A tornado of magnetized plasma is dancing along the sun's northeastern limb today. To see the twister in action, play this movie from NASA's Solar Dynamics Observatory and keep an eye on the circled plume:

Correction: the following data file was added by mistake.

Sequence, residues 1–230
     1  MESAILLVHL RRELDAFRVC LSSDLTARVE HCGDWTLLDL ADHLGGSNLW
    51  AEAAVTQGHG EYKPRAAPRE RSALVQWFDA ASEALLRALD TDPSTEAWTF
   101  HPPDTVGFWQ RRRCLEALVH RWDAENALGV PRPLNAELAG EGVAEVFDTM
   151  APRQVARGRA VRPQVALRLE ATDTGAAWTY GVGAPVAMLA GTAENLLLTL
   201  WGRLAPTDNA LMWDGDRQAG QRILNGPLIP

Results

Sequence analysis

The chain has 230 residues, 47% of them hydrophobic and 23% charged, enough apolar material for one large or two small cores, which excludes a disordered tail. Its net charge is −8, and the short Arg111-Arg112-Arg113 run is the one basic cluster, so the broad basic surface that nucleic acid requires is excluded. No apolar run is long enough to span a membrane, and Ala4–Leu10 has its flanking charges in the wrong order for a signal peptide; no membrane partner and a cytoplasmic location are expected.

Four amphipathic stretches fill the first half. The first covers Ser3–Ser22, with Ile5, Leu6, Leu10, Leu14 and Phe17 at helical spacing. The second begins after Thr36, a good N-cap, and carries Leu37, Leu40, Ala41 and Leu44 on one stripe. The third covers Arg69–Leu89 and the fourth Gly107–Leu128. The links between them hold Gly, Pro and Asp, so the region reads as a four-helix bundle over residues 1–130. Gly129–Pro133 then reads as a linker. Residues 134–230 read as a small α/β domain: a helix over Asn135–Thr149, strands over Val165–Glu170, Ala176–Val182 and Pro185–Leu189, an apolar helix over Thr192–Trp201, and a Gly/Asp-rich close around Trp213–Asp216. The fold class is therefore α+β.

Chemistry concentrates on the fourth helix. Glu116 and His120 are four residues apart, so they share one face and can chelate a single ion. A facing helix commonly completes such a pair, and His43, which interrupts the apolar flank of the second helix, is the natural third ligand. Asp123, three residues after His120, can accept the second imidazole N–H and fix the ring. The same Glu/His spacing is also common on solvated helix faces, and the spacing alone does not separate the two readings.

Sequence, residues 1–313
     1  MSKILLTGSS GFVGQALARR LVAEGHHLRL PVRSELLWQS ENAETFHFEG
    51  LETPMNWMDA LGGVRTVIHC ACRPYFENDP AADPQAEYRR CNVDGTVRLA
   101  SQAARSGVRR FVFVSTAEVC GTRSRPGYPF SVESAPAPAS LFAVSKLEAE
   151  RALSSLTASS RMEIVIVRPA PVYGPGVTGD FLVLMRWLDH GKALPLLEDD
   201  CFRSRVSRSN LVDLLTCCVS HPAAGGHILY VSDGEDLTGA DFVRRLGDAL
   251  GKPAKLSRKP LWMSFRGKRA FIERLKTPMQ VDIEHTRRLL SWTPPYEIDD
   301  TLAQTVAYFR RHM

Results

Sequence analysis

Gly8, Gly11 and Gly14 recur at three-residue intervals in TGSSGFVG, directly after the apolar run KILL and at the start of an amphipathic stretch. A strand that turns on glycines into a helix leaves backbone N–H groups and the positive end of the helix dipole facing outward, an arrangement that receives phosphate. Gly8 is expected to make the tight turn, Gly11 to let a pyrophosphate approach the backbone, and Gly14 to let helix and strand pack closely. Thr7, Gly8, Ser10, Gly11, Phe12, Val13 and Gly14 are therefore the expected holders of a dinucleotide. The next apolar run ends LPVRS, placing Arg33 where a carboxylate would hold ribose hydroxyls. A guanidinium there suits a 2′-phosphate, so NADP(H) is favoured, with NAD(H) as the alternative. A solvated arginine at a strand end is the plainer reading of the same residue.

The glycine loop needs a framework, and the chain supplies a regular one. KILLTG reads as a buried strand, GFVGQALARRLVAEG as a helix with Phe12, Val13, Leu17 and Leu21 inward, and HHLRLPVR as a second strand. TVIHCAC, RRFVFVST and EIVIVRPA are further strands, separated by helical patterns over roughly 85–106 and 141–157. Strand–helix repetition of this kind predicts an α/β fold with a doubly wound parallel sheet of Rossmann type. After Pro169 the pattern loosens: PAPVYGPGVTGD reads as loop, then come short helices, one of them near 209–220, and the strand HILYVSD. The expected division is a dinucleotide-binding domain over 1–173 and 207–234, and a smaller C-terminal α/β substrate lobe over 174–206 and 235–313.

Solar tornadoes are not uncommon, although they are often overlooked. This one is visible because it is jutting above the edge of the sun in profile, easy to see against the black space behind it. If a solar tornado over-rotates, magnetic fields inside the seething vortex can criss, cross, and explode, producing a type of solar flare that requires no sunspot.